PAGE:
The president of Chad, Idriss Déby, landed in Israel on Sunday and kicked off an unprecedented trip for the leader of the Muslim-majority nation in Central Africa, which does not have diplomatic relations with the Jewish state.
Prime Minister Benjamin Netanyahu was set to meet with Déby at 4:30 p.m. (Israel time) for a one-on-one meeting, and for a dinner at his Jerusalem residence, his office announced Sunday. President Reuven Rivlin will host Déby in his residence late Sunday afternoon.
“This is another diplomatic breakthrough,” Netanyahu said in a statement. “This is a historic and important visit that comes against the backdrop of the efforts we led. I welcome the president of Chad’s arrival in Israel.”
The Prime Minister’s Office noted in a statement that Déby’s visit will mark the first visit to Israel of a president of Chad since Israel was founded in 1948.
Under Netanyahu’s leadership, Jerusalem has in recent years intensified its contacts with various Muslim states in Africa, including Mali and Somalia, as well as in the Gulf.
In October, he secretly traveled to Oman, becoming the first Israeli prime minister to do so in more than 20 years.
Senior Israeli officials have recently traveled to N’Djamena, the capital of Chad, to prepare Déby’s visit to Israel and to lay the groundwork for a possible renewal of diplomatic relations.
In July 2016, then Foreign Ministry director-general Dore Gold met Déby, who has ruled Chad since 1990, at his presidential palace in the city of Fada, in the heart of the Sahara Desert.
“We view the meeting as an important step in our relations with Chad,” Foreign Ministry spokesperson Emmanuel Nahshon told The Times of Israel at the time.
“Chad is a central country on the African continent,” the Foreign Ministry said in 2016, after Gold’s surprising visit. “It is a Muslim, Arabic-speaking country that deals with radical Islamic terrorism and this year holds the rotating chairmanship of the African Union.” The two sides discussed issues of common interest and the deepening of bilateral cooperation, it said in a statement.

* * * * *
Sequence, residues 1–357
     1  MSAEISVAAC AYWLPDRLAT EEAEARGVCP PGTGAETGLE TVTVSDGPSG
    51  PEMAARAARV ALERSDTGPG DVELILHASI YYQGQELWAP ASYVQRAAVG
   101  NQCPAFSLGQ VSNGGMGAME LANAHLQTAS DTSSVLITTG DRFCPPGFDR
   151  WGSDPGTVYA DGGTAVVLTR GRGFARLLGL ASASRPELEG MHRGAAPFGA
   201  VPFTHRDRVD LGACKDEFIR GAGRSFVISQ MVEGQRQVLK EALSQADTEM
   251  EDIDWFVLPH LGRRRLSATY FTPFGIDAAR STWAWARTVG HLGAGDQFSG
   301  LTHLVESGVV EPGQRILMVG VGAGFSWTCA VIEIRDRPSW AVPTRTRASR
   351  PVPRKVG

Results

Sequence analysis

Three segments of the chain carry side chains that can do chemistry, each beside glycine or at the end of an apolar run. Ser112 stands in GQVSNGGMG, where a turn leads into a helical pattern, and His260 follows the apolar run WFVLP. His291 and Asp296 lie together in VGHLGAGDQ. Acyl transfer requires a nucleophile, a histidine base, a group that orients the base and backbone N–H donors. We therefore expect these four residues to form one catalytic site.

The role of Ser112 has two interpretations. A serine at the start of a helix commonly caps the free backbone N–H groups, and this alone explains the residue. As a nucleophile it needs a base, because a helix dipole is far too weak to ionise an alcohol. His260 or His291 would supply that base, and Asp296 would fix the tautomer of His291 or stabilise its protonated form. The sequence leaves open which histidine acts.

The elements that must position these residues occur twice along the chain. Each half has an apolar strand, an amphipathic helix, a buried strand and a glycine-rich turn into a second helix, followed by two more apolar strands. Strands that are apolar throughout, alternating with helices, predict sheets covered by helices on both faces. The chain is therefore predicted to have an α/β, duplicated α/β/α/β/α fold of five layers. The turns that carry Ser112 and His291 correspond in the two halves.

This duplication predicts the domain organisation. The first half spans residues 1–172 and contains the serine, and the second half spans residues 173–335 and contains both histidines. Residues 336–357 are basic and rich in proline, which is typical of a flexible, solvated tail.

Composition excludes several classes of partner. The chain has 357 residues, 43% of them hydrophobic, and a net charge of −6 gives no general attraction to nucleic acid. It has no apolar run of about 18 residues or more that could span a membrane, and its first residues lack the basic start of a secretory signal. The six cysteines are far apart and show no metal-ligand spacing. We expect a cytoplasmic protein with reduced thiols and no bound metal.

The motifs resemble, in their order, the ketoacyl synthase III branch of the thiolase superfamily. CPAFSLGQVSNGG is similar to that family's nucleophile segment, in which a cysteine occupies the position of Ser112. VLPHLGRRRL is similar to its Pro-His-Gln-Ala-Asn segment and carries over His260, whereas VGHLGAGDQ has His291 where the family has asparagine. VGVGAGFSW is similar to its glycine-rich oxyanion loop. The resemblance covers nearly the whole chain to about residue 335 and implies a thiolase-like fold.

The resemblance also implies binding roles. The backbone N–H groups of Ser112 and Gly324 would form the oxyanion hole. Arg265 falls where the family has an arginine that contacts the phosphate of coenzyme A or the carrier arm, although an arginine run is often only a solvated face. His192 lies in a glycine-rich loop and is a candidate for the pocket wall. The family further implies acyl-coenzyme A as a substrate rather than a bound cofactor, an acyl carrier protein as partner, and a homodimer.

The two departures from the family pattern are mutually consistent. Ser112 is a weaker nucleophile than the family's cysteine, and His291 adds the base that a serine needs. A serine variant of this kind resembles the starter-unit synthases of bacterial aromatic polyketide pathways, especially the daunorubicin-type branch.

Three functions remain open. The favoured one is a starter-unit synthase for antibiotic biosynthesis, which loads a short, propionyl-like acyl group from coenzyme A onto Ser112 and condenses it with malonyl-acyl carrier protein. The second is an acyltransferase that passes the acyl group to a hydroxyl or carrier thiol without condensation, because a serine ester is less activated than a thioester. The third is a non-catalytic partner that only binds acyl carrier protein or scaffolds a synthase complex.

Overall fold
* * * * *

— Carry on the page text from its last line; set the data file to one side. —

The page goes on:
The Republic of Chad cut diplomatic ties with Jerusalem in 1972. Some 13.5 million people live in Chad today, 55 percent of whom are Muslim. About 40% are Christian.
Netanyahu has traveled three times to Africa in the last two years, visiting Kenya, Rwanda, Ethiopia, Uganda and Liberia.
He constantly vows to expand ties with all countries on the continent, including those that do not have diplomatic relations with Israel.
In July 2016, the Republic of Guinea, a small, overwhelmingly Muslim country in West Africa, renewed diplomatic relations with Israel, after it had cut ties with the Jewish state in 1967. Since then, Netanyahu has met with leaders of additional African Muslim-majority states, such as Mali and Somalia.
Last month, he hinted at the budding diplomatic ties with Muslim-majority nations in Africa, saying that many countries on the continent are interested in cooperating with the Jewish state on fighting Islamic terrorism. This fact, he said, “paves the way for additional countries to recognize the State of Israel, and I think you will be hearing about them very soon,” he said.
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